Seen via several people in my stream. As this is an hour-long podcast, I took notes.

People do not update their views automatically when new facts come along (as we know, they're not Bayes nets). They cling to their beliefs in the face of strong contrary evidence. Indeed such evidence can produce a "backfire effect", causing them not just to dig in their heels and defend that belief more strongly, but actually believe more strongly.

There's a flip side of confirmation bias : not only are people more trusting and less skeptical of things they already believe, but they're also less trusting and more skeptical of contrary positions.

Scientists do not suffer from this to such a great extent as other groups in part because of the system in which they operate, which rewards presenting data and forming a conclusion. This is not always the case in other spheres, and scientists being more objective than other people is not (at least wholly) due to their being innately more rational than everyone else.

It seems that the backfire effect may have a breaking point : give people enough information and they do change their minds. Researchers conducted a study in which participants were given information about a fake presidental primary election. Beforehand they were given a questionnaire to fill in about their pre-existing political beliefs. The researchers then gave them news stories about the various candidates they could vote for. Participants were divided into different groups which received different fractions of neutral and negative news, from entirely neutral up to 80% negative. This negative news was based on the individual questionnaires, tailored to paint the candidates in a way the participants were likely to personally, viscerally object to.

They found that levels of around 10-15% negative news produced the backfire effect. At around 15-30% the backfire effect was still present, but participants began to also start to question their preferred candidate more critically. Beyond 30% the backfire effect dropped away and they began to change their opinion about their candidates.

This is a laboratory test, of course, where the researchers had total control over what the participants were reading (though they were allowed to decide for themselves how much they read). In the real world people have much more control, selecting trusted news sources for themselves. So they can be much harder to reach because they never see the negative facts or alternative opinions. This means that actually getting them to hear this much negative information is extremely difficult : it's not that people don't know, it's that they refuse to know. A more optimistic take-away point is that people do change their minds if you can reach them.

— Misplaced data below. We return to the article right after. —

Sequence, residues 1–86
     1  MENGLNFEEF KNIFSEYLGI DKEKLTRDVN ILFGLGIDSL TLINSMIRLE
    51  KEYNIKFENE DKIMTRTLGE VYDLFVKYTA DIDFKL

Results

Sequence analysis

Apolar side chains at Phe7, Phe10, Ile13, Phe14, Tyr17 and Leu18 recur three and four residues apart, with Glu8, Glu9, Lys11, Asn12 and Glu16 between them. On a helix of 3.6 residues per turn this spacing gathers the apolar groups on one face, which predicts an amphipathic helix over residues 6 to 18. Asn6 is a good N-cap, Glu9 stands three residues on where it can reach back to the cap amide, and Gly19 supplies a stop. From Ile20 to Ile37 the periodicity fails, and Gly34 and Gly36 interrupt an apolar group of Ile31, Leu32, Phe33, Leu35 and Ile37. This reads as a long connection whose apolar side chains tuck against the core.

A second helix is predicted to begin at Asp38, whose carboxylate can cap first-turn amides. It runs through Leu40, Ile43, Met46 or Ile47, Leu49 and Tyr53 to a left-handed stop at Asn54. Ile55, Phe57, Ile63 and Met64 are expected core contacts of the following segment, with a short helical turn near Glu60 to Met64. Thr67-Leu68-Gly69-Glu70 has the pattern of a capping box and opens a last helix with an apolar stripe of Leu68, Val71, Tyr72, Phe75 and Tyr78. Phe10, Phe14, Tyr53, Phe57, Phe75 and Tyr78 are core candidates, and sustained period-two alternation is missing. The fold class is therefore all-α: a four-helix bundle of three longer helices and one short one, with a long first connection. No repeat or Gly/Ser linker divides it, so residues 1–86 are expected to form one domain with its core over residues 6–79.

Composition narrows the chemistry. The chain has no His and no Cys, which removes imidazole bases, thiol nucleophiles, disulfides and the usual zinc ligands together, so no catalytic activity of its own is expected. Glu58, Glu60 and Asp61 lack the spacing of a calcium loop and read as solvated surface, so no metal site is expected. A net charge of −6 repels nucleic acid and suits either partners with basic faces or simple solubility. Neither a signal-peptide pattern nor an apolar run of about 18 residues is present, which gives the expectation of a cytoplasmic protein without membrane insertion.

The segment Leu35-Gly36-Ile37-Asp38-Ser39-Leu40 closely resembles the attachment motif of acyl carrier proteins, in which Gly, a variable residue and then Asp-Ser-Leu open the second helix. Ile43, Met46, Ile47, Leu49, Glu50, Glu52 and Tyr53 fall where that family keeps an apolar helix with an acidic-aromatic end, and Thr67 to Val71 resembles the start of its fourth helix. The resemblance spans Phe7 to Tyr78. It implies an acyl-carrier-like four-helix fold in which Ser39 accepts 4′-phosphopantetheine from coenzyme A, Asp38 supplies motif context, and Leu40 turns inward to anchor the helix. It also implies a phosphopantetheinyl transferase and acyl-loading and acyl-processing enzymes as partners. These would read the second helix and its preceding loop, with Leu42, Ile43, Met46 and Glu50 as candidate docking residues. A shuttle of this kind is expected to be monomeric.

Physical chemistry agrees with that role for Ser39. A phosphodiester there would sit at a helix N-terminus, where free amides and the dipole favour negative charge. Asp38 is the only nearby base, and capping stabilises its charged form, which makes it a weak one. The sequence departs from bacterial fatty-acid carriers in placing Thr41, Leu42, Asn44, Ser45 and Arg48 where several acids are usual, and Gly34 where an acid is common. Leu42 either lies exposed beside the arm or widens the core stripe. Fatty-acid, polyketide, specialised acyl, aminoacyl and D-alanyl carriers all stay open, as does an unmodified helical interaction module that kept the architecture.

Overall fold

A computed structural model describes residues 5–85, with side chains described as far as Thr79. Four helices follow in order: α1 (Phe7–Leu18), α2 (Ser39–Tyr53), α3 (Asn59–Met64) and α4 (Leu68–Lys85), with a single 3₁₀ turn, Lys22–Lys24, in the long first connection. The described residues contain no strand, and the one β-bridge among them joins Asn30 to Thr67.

Being aware of this effect can help, but it doesn't stop it entirely. The researchers conclude that to win people over, you have to keep trying. Keep bringing facts and entering discussions. Those are important, however, they are not the whole story.

It's true that people don't learn if you don't give them anything to learn, so you do have to keep debating and bringing evidence. But there are other factors at work. If they have become especially convinced of an idea, it becomes part of their identity. And the brain does not like having its identity threatened, so it rejects the attack. An alternative view may seem terrifying as it threatens a believer's world view and their whole identity. That's why people do have a motivation to disbelieve alternative ideas even when it seems they should have no good reason to do so.

The most deeply convinced hardcore supporters are not impossible to reach but it will require a long struggle. Even those who are more persuadable have to be approached with more than just data. One approach is not to explicitly try and debunk an idea, but engage a believer as though you were helping to solve a mystery together (also, even just mentioning whatever myth they believe can reinforce it in their own minds). Perhaps the overt effort to debunk is unconsciously seen as a threat, "you must be stupid to believe that".
Another approach is not to try and change people's beliefs to change their behaviour, but to change their behaviour to change their beliefs. E.g. get employees to wash their hands by stamping them with something that takes a few washes to remove, thus forming a habit which then becomes a belief in the importance of cleanliness.

While it's okay to engage in multiple lines of inquiry in an openly-debating situation, where the stated goal is to reach a conclusion and change minds, this doesn't necessarily work in all situations. If people think you're going for overkill, they may sense that you're just trying to change their mind and not establish the truth : if one reason is enough, why are you giving me ten ? Hence politicians go for repetitive, limited sound bites with strong messages.

Finally, people like narrative, causal explanations. Never leave a gap. If your message undermines their existing belief for why a thing happens, you must simultaneously replace it with another one. People prefer an incorrect model to an incomplete one - if you simply take something away from them without offering any replacement, you will do more harm than good.
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